The Marshmallow Study Revisited
In an earlier post, I cited the 1972 marshmallow study, in which researchers found that children willing to wait for two marshmallows had more success in life than children who chose one marshmallow immediately.
The researchers used the findings to posit a genetic basis for self-restraint. Yet a recent revisit of the experiment determined that children given reason not to trust others often chose to get what they could right away.
The new theory for the reasons behind self-control does not alter the original research’s findings that people who exhibit greater self-restraint in childhood become more successful adults. Rather, the researchers argue that self-control stems from nature and nurture—and perhaps nurture most of all.
The news heartens me:
It indicates that a society can continually improve the way it cultivates children, helping an increasing number of people perform at their peaks through stability, promises kept, and better guidance and behavior.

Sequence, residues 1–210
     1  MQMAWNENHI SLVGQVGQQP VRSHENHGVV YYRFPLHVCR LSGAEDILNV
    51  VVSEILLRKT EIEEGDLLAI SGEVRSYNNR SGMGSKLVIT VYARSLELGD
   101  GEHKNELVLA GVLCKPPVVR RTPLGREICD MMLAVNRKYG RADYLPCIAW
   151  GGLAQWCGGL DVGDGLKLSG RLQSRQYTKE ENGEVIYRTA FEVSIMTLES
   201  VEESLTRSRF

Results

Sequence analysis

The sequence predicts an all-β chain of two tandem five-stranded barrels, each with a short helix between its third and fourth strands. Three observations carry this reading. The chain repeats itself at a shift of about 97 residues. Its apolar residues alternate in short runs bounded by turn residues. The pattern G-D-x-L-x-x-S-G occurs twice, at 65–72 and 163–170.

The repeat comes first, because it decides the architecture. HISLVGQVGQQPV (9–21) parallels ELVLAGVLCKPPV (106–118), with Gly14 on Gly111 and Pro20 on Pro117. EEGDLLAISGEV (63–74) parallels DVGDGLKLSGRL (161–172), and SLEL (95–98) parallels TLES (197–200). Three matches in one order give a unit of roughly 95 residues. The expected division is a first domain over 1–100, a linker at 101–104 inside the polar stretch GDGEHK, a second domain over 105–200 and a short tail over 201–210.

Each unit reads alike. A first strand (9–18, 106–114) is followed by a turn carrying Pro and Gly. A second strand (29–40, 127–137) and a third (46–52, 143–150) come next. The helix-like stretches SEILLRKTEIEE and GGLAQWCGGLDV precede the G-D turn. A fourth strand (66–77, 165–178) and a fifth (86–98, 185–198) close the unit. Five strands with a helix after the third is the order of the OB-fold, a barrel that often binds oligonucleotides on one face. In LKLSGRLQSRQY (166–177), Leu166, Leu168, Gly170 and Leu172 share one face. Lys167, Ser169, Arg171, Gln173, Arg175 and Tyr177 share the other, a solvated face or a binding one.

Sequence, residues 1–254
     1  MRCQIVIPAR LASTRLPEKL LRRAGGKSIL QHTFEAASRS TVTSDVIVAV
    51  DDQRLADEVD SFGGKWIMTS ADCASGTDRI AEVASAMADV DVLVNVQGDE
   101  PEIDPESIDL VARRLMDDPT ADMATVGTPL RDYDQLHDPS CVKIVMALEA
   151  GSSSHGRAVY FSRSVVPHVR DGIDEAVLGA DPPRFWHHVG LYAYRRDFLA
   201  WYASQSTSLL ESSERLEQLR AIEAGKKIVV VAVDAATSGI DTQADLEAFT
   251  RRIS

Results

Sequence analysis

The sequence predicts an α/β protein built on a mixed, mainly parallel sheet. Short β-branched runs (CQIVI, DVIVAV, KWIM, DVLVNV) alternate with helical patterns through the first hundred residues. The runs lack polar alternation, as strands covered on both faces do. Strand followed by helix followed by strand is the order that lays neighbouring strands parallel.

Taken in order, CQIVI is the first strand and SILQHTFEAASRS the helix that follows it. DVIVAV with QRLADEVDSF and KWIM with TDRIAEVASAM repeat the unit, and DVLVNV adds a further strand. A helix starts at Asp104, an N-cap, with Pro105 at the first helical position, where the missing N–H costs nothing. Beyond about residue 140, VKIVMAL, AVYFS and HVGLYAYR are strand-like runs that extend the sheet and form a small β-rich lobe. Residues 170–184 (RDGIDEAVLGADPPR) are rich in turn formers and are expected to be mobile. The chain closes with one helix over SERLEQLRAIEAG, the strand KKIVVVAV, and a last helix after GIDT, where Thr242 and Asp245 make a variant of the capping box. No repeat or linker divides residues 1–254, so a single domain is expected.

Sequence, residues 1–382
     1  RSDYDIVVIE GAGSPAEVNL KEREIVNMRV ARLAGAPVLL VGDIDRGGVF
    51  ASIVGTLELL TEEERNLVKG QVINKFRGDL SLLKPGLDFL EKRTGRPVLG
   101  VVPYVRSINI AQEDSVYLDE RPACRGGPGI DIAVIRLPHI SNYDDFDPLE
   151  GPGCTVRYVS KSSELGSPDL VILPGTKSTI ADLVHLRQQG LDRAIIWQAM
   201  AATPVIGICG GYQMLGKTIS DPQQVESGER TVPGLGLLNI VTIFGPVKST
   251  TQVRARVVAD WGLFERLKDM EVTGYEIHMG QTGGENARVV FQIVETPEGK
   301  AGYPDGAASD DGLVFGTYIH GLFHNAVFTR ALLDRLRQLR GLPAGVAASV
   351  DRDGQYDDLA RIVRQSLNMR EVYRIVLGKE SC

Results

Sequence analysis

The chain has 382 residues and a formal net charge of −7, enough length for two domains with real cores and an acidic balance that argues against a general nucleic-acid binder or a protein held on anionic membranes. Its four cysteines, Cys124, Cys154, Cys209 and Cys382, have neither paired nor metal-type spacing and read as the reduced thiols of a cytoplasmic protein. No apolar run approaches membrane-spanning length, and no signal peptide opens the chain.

Accomplishing this means a collective societal effort—not just a parental effort. Governments, educational systems, communities, and progenitors must come together to ensure children have the security needed to cultivate the ability for smarter decision making.
Doing so will benefit children, the communities in which they live, and future generations. How would our world look if a greater number of people made decisions from a place of self-control and with a wider, more rational perspective?
Tall order? Yes. Nearly impossible, I concede.
Yet I think we can make it happen—if we stay conscious of the future benefits. If we practice our own measure of self-restraint. If we keep our eyes on the end goal. I want to believe we can.